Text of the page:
People on love drug MDMA still know who to trust
MDMA makes people more cooperative, but not gullible.
Conducted at King’s College London, the study is the first to examine MDMA’s impact on cooperative behavior in detail. Researchers gave twenty healthy adult men either a typical recreational dose of MDMA or a placebo. The participants then played an online game against an unseen opponent, either cooperating or competing for points. If both chose to cooperate, they both got points. But if one chose to cooperate and the other to compete, the player who chose to compete got all the points.
“We were not surprised that MDMA made people more cooperative, as that fits with subjective reports from recreational users of ecstasy,” said Mitul Mehta, who led the study. “We were surprised that MDMA only affected behavior towards trustworthy opponents.”
Although they were playing computers, participants were told their opponents were human. They evaluated how trustworthy the other “player” was by seeing how soon and frequently they chose to stop cooperating and start competing. MDMA did not affect these ratings.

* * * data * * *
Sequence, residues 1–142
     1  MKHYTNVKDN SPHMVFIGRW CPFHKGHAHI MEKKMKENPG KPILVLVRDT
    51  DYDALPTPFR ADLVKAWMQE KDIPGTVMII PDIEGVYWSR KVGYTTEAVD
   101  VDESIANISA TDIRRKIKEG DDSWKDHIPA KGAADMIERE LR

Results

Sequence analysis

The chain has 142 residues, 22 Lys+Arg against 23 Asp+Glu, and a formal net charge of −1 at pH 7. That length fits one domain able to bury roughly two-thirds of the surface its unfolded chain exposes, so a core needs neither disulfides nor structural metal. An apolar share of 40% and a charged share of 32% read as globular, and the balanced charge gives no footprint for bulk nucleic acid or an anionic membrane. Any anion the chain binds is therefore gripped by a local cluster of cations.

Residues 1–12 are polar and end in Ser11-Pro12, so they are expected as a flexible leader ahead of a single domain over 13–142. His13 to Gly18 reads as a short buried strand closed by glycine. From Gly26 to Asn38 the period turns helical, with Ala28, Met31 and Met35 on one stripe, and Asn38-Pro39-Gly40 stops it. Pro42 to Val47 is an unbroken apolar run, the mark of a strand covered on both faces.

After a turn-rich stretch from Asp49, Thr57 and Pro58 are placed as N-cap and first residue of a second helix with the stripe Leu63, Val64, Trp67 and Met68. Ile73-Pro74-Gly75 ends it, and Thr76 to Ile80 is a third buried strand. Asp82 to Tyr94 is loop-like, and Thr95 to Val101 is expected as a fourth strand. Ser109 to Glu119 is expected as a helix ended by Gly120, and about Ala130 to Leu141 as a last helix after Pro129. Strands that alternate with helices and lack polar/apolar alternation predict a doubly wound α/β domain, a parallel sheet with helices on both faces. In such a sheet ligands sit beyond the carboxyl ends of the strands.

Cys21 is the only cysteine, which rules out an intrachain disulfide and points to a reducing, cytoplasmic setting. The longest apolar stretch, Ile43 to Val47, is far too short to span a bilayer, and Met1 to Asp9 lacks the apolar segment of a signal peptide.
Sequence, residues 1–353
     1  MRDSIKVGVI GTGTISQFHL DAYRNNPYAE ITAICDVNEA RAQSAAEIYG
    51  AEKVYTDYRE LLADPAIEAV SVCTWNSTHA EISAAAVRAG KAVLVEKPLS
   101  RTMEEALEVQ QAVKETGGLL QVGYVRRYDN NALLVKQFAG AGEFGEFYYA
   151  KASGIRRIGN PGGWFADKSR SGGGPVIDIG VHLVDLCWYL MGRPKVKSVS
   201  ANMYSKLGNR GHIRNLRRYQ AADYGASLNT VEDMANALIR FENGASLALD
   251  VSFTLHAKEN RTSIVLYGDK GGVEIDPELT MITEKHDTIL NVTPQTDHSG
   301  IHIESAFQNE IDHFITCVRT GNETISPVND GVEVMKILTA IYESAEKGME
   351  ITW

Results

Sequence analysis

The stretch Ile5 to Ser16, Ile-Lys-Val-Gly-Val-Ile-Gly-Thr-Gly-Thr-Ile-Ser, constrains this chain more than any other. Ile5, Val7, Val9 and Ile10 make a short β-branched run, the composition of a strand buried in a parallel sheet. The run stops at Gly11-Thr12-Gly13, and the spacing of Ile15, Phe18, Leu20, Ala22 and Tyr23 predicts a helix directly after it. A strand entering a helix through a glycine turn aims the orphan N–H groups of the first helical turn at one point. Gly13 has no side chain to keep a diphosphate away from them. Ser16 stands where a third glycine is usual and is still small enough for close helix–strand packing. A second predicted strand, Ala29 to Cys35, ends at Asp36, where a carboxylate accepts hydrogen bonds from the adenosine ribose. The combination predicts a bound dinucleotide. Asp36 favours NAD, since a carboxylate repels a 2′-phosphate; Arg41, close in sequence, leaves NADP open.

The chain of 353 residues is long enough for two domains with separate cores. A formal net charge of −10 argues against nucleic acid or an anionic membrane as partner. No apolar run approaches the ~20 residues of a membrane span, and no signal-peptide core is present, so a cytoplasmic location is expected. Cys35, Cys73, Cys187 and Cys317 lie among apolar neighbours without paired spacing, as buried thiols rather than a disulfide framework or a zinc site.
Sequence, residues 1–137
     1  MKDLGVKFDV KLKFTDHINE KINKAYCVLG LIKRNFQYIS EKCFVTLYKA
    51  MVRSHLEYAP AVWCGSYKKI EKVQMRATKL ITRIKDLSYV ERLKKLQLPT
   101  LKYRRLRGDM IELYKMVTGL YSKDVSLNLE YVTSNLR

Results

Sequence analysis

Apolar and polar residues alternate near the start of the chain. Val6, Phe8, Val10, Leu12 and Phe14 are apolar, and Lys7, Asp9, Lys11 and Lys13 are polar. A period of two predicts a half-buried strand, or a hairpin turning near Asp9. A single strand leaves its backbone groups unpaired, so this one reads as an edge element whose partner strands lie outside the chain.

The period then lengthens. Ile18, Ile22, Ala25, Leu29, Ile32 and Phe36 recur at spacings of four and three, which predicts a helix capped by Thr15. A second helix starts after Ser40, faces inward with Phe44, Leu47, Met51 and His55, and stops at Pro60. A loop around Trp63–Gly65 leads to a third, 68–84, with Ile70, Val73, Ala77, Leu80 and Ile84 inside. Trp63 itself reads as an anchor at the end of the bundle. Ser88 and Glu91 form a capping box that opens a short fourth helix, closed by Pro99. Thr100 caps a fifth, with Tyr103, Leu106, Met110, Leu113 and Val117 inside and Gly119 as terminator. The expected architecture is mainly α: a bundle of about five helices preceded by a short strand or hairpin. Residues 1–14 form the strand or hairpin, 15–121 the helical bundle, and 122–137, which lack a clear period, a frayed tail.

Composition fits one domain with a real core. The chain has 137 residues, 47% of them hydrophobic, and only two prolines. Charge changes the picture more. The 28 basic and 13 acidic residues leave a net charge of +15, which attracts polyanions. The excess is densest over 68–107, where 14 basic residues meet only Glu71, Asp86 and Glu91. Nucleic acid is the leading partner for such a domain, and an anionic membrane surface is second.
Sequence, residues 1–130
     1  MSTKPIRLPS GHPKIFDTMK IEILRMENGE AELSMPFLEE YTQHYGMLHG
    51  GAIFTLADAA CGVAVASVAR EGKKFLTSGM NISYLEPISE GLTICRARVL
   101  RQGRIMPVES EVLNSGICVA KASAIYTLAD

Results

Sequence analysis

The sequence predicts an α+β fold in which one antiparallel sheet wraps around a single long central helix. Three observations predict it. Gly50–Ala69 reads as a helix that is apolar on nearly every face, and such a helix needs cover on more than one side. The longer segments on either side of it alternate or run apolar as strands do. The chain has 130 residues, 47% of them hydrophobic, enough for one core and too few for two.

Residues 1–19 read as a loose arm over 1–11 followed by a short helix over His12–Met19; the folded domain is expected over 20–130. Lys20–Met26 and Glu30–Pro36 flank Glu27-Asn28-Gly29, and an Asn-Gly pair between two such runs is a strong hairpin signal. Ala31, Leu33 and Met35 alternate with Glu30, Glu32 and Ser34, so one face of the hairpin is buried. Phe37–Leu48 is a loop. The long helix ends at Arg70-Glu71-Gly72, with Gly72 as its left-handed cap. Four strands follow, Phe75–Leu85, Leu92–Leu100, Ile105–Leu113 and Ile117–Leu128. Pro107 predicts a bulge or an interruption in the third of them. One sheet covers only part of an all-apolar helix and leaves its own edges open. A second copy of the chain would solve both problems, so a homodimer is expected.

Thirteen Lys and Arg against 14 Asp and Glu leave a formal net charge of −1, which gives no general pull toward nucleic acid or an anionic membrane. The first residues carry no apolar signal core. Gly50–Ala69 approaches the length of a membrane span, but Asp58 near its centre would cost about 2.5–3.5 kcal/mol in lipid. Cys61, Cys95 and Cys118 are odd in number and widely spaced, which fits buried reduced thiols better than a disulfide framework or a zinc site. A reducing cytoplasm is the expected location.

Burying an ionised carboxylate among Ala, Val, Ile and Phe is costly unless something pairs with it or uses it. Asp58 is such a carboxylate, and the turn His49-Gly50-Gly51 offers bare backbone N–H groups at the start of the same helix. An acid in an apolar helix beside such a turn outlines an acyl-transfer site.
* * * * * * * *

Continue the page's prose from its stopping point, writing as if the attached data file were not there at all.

The research could help develop new therapies for psychiatric conditions
Participants played the game in an MRI scanner, meaning that in addition to watching their behavior, Mehta and his colleagues could see how the drugs were affecting people’s brains. MDMA increased brain activity in multiple regions associated with social cognition, but only when the participant was receiving feedback from other players.
“This research is important to build our understanding of how drugs might alter social cognition,” said Mehta. “It has applications in testing novel drug therapies for mood and anxiety disorders. It also tells us which parts of the task a drug may alter, so we can target parts of behavior people are having difficulty with.”
Researchers studying MDMA face regulatory obstacles
MDMA is a Schedule I drug, meaning it’s classified as having a high abuse potential and no accepted medical use. This makes it difficult to research. Special licenses and oversight are required for both the research team and the pharmacy that holds and dispenses the drugs for the study. “This is costly and time consuming,” said Mehta. “Not many groups have the support from their pharmacy and the finances to overcome these restrictions.”
But the regulatory environment for MDMA research is slowly changing. The drug’s potential as a PTSD treatment has been gaining attention, and MDMA-assisted psychotherapy was designated a breakthrough therapy last year by the US Food and Drug Administration. Mehta is encouraged by these developments: “This will hopefully make it easier to research all drugs with therapeutic potential for neurological disorders or mental illness, whether these drugs are used recreationally or not.”
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